There are many ways to eat watermelons, add them to any salad, pickle them, spice them or make the easiest and healthiest pops. And they are great with fresh seafood too! Because it’s so easy to store them at home and because you can keep them in different ways for a while, they are a very easy fruit to upgrade almost any moment of the day (even the cocktail time).

We know it, it’s difficult to know which watermelon is in the perfect ripe. If you feel the ends are softer and if you can hear a dull sound by thumping it, it’s good to go. Enjoy it!

10 Things To Do With Watermelon

Say hello to one of the easiest summer party apps out there.

Chilled Watermelon Soup

A chunky soup that&aposs actually refreshing? Believe it!

Mexican Fruit Salad

Go a little crazy at the farmers&apos market this week? Put your bounty to good use with this Mexican-inspired snack or app.

Watermelon-Basil Margarita

No matter the question, margaritas are the answer.

Grilled Watermelon "Pizza"

Photography by Christopher Testani

Okay, so it&aposs not *really* pizza, but this quick dish is so tasty you won&apost even care.

"I loved the flavor, and this combination of great ingredients made for a perfect soup. I especially liked the jalapeno and honey in this."

© 2021 Discovery or its subsidiaries and affiliates.

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  1. Wash the watermelon. Cut it in half. With a spoon, scoop out chunks of watermelon and juice them in a juicer until you have ½ cup of juice. Alternatively, you can puree the chunks of watermelon in your blender until you have ½ cup of watermelon juice.
  2. Add the watermelon juice, vanilla, milk, cream, honey and optional salt to your blender.
  3. Blend on a lower setting just until smooth and combined, about 5 seconds. Be careful not to blend too long, you don&rsquot want a lot of air getting into the mixture. If any foam forms on the top of the mixture, remove it with a spoon and discard.
  4. Pour the liquid watermelon ice cream mixture into the ice cream maker.
  5. Turn the ice cream machine on and mix according to your ice cream maker&rsquos instructions.
  6. The ice cream will start to have a &ldquosoft serve&rdquo texture when it is done. This is my family&rsquos favorite way to eat it. If you prefer the ice cream to be a little firmer or need to serve it later, place it in the freezer to harden.

YOU WILL NEED: Juicer or Blender, Ice Cream Maker

  • Dairy-Free Option: Substitute full-fat coconut milk for the dairy. I use this brand . it's organic, non-GMO and it's BPA free.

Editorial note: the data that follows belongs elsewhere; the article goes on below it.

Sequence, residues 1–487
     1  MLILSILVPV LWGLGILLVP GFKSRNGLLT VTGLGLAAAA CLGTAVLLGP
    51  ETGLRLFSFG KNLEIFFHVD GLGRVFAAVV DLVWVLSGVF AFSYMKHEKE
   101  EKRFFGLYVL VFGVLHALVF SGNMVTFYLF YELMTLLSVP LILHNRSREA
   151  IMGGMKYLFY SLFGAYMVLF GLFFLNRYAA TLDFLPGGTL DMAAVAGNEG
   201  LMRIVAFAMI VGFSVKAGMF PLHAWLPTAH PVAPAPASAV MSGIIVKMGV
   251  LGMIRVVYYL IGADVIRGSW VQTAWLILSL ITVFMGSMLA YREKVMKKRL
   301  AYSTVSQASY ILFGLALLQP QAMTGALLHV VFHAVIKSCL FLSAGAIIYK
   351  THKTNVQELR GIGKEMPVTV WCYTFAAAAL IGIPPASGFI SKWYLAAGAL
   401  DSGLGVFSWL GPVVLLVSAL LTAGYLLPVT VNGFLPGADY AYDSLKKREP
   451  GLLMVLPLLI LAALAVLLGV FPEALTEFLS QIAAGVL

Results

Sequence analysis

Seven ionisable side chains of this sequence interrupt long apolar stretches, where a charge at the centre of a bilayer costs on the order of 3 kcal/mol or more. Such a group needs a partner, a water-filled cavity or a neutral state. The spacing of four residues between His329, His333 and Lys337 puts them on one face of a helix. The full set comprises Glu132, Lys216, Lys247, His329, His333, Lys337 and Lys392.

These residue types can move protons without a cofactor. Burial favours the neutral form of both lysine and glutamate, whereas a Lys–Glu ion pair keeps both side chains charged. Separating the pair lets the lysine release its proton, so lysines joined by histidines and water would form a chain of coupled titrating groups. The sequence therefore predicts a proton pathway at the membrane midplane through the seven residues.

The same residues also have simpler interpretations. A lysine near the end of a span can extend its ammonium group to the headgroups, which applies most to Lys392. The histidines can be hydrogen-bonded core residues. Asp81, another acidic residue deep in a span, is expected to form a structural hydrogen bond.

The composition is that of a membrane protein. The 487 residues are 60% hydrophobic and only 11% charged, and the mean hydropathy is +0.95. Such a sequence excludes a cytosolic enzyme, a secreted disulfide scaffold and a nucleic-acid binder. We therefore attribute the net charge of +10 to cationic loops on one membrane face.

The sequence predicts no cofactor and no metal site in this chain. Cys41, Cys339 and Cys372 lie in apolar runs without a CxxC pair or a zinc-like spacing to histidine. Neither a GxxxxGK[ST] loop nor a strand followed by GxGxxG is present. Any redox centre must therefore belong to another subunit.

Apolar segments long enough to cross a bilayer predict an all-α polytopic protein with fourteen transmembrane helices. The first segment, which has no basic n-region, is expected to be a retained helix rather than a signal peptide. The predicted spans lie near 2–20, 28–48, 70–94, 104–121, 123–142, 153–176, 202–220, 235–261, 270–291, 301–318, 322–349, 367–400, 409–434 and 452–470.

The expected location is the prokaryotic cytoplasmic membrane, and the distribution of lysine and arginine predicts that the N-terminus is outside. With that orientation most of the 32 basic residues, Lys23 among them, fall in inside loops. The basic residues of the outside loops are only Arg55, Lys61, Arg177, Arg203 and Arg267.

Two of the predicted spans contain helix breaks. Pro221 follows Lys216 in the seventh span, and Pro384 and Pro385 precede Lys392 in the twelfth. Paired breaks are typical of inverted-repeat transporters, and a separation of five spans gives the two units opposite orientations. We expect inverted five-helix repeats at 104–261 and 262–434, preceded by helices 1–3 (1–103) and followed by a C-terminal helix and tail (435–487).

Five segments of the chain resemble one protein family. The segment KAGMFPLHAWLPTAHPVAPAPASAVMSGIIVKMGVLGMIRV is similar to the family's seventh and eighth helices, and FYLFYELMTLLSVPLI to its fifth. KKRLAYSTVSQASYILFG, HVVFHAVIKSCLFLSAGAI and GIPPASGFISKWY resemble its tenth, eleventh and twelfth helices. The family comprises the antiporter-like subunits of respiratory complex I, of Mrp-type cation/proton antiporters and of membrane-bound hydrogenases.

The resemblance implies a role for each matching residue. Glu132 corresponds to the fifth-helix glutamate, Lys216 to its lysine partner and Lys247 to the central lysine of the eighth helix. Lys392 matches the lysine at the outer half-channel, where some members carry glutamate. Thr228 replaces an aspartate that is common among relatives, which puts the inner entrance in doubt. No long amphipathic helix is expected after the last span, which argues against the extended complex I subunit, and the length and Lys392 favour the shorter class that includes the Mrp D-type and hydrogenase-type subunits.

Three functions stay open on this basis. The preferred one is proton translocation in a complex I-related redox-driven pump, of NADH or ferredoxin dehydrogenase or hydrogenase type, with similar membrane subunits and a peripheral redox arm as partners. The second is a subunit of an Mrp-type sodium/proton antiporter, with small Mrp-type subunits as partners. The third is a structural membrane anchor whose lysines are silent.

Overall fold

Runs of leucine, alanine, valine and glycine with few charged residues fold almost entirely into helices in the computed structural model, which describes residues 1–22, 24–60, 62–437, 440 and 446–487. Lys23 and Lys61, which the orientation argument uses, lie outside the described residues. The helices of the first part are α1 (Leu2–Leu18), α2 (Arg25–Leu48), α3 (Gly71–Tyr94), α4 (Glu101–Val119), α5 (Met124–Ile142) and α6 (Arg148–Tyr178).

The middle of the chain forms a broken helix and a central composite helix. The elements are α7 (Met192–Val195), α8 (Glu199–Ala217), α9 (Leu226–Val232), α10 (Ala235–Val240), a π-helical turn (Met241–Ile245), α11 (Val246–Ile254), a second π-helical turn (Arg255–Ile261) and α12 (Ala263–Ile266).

• I haven’t made this ice cream without an ice cream maker. If you freeze the liquid ice cream mixture in a container, it won’t set exactly the same or produce the same soft consistency, but you can try and freeze it and the put it into a food processor to soften it up a bit. You’ll probably need to set it out at room temperature first for about 15 minutes to let it soften a bit.
  • I have not tried using vodka, but I have heard that alcohol does really help keep the texture softer when frozen.
  • I’ve had success using gelatin (<-- this is the only brand I use and love), whisked into 1/4 cup boiling water, in the ice cream mixture. Like alcohol, it helps keep ice cream from getting rock hard.

5 Lip-Smacking Recipes For Watermelon Season In Israel

With summer just around the corner, Israel’s long-awaited watermelon season has begun.

Technically a vegetable, watermelon was first grown in northern Africa 5,000 years ago and is mentioned in the Bible as a staple of the Egyptian diet. Ancient watermelons probably weren’t very sweet. A Byzantine mosaic uncovered in Israel, dated from 425 CE, depicts a cut watermelon with yellow-orange flesh. Over time, they became redder as they were bred to be sweeter, because redness and sweetness are genetically paired.

The redder the melon, the more healthful beta-carotene it contains. Despite containing mostly water, watermelon also is a good source of phenolic antioxidants, flavonoids, lycopene and vitamins A and C.

According to the Plant Production and Marketing Board of the Israeli Ministry of Agriculture, the average Israeli consumes 26 pounds (12 kilos) of watermelon each year. The average American eats 16 pounds per year.

Approximately 100 Israeli watermelon growers – mainly in the Arava desert, the Jordan Rift Valley and the Lower and Western Galilee – sell about 100,000 tons of their crops annually. Seedless varieties developed by Israeli researchers are especially popular.

Choosing a quality watermelon is usually a guessing game of sniffing, inspecting, or poking. Last summer, Technion-Israel Institute of Technology students Salah Abd Alhalem, Adam Garah and Ayman Sarha’an decided to be scientific about it.

They developed a prototype sensor-and-smartphone device that photographs a watermelon from three angles, uses an algorithm to analyze its external properties, and predicts a flavor rating between 1 (atrocious) and 5 (divine). The computer-science students determined that a watermelon’s tone, color, stripe patterns, shape, and size of the circle at the bottom all help determine its taste.

Once you buy your watermelon, you can simply slice it and enjoy a cool snack. But you can also use watermelon to add a refreshing kick to cocktails, cold soups, salads, and more.

1) Red Drum Tartare with Watermelon Salsa and Watermelon-Ginger Granita (4 servings)

  • 80 grams (3 oz.) watermelon, cut into small cubes
  • 50 grams ginger
  • 200 grams (1 cup) watermelon, cubed
  • Handful chopped mint leaves
  • ¼ teaspoon hot pepper, finely chopped
  • 1 tablespoon fresh lemon juice
  • 2 tablespoons soy sauce
  • 100 grams (3.5 oz.) fresh, boneless red drum cut into small cubes
  • Zest from ½ lemon
  • ½ teaspoon sumac
  • Peel of 1 cucumber, cut into small squares
  • 1 teaspoon coriander, chopped
  • A pinch salt
  • 1 tablespoon olive oil
  • White spreadable cheese such as ricotta or feta
  • toast fingers

For the watermelon granita, puree the 80g watermelon and ginger filter well into a bowl and freeze until you get ice. Scrape the ice with a spoon or shred in a blender and keep in the freezer.

For the watermelon salsa, mix together 200g watermelon cubes, chopped mint, hot pepper, fresh lemon juice and soy sauce. Refrigerate for about an hour.

Mix the fish with lemon zest, sumac, cucumber peel, coriander, salt and olive oil.

In four martini cups, divide the watermelon salsa. Top with a thin layer of cream cheese and then the fish tartare to the level of about 1½ cups in each. Top with a spoonful of chilled watermelon ice and garnish with the toast fingers.